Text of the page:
Some pertinent questions for us

By Mata'afa Keni Lesa 28 December 2016, 12:00AM

Well there goes another Christmas folks. With the presents opened, hangovers just about cured and all that glorious food finding its way to waste where it rightfully belongs, most of us are looking forward to the next big celebration.

The good news is that we don’t have to wait long.

With the nation indulging in the spoils of the festive season, four days from today, we will say goodbye to 2016. 

It’s been an eventful year for many of us. On Sunday, we will all have different reasons to celebrate. Some of us will look back with joy at some of the triumphs we achieved. Others will harbour regrets and hope that there is another way of correcting mistakes of the past.

Indeed, it has been a year where we’ve had a bit of everything.We’ve enjoyed some highs, suffered from some lows and then there are those issues that confront us every day.

We don’t want to sound like a scratched record but somehow every time the wet season arrives, it always reveals a couple of things.  And so with this Christmas being extremely a wet one, driving to the airport and back is not a pleasant experience. But that’s not the only road. Try getting to Falelatai and all those villages. It’s a struggle.

Then there is the sight of people ducking for cover since the rain really exposes the quality of homes they live in. 

You see these squalor like houses are found in most villages. Ironically many of them are right next to mansion-like church buildings. You cannot miss them, the contrast is so obvious no wonder foreigners to this country go away shaking their heads at the sizes of these church buildings.

Nothing wrong with these buildings of course but somewhere somehow one cannot stop thinking about the people who are funding them. They are the very people living in those squalor type fales who still have their fata ipus (kitchen sink) outdoors and the cookhouse as their dining table. 

Don’t get me wrong; many people in Samoa enjoy wonderful homes. We are not talking about them. We are talking about the ones who are being left behind. We see them everywhere we go in Samoa. And nothing exposes these shelters more than when the rain comes calling.

Which brings us to the issue of struggles and hardship. We’ve said this before and we will say it again, if you live in a squatter-like shelter, chances are you will also struggle to find food – and many other things in life.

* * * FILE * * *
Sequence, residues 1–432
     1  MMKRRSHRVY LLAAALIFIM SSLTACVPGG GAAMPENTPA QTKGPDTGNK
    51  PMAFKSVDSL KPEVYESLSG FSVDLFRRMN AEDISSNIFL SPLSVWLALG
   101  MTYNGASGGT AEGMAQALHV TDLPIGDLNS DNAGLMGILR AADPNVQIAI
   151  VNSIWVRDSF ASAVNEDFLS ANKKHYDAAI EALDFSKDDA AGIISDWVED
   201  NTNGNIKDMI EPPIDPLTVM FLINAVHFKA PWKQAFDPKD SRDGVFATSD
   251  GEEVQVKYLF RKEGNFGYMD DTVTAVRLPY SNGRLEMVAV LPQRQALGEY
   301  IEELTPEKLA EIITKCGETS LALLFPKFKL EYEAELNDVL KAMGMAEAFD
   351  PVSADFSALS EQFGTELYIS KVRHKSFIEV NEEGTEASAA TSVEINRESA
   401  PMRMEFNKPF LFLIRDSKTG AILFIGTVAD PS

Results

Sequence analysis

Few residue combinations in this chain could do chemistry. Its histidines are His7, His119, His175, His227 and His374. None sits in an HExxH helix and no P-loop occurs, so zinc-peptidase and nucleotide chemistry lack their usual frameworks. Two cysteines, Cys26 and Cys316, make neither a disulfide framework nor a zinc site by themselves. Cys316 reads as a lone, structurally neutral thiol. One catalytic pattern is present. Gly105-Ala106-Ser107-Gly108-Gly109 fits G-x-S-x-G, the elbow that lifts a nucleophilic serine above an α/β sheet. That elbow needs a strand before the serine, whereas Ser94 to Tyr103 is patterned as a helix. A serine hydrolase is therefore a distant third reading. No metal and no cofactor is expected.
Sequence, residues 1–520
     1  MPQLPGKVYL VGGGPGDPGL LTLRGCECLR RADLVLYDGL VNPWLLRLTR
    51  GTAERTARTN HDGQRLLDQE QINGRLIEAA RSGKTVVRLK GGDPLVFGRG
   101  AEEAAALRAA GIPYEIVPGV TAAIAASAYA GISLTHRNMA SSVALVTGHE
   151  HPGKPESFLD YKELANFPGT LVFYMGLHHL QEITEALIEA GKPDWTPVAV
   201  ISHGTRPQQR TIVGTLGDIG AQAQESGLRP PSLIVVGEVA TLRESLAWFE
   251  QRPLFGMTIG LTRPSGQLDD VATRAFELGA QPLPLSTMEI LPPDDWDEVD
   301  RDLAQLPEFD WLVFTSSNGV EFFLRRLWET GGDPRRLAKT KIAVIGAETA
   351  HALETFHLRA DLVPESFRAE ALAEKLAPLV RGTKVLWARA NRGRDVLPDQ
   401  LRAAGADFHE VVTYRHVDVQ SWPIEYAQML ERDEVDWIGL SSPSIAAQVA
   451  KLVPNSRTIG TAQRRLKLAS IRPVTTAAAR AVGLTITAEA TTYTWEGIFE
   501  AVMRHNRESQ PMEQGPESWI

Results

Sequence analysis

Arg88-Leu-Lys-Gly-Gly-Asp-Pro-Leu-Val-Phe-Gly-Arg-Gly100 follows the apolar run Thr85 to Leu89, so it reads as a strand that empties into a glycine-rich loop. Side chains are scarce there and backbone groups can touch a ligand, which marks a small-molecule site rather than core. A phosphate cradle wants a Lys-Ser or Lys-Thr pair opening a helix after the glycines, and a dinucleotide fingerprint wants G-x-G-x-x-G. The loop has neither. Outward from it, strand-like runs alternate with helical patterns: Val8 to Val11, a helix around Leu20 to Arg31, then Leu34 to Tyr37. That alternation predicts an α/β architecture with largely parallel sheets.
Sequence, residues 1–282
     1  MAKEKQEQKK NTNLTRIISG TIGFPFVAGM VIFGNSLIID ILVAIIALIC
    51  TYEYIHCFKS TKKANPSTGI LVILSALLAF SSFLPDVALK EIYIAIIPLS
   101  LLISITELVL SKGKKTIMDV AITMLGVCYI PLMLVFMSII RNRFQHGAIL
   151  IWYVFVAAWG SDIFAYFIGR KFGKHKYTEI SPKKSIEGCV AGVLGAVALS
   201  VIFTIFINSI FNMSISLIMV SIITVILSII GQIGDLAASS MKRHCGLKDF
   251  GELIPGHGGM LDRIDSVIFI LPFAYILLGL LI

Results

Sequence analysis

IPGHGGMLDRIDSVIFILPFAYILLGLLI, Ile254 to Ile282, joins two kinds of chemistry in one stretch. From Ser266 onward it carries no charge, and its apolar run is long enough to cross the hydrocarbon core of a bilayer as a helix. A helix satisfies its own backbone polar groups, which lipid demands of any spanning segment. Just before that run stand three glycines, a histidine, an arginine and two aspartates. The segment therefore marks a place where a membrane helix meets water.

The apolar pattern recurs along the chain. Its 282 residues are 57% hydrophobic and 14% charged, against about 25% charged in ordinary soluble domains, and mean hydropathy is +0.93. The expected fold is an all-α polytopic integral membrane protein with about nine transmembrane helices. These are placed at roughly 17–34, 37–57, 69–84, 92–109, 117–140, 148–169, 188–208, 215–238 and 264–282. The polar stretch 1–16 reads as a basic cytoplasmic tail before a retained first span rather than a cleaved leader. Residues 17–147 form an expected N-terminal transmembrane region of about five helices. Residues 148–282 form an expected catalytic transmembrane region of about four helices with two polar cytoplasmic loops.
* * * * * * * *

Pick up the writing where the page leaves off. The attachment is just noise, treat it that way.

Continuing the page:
What we want to say is that not everything that glitters is gold. When we peel away the top layers of life in paradise, you will find that some issues are getting worse and they demand we pay some serious attention to them as we set to say goodbye to another year.

We accept that many people deny the existence of poverty in Samoa. It’s understandable. 

A time like Christmas when there is an abundance of food definitely proves that wrong. But Christmas is the exception. After we splash out on Christmas, today many people return to the reality of life. And that for some is not a pretty one.

At the McDonald’s drive through yesterday, I counted at least seven young children hassling diners for some food and money. 

One of them – who couldn’t be more than 11 years old – was smoking away as if that was normal.

Which brings us to the question, if you look at the number of beggars on the streets and those street vendors, what does that tell you about Samoa today?

Take another look at those young faces who were out there in the rain yesterday? What do they tell us about progressive Samoa? Is this a sight we want to see?

Think about those young boys and girls who are on the streets every night, every day? 

Would they be there if they did not need to? Would their parents have been so ruthless to push them towards danger if they had a choice?

They are so poor and are stuck in a rot called poverty that they are forced to do the unthinkable. 

In a country where there is a growing reliance on money, if you don’t have a job to earn money, you’re bound to go hungry. Your children will end up starving. That’s the bottom line. And that’s why these people are on the streets. 

The point is that no one wants to think about these depressing issues at a time when we have so much to celebrate. But it is ignorant of us to ignore them, especially when they are so in our faces. What do you think? Write and share your thoughts with us!

By Mata'afa Keni Lesa 28 December 2016, 12:00AM
Samoa Observer

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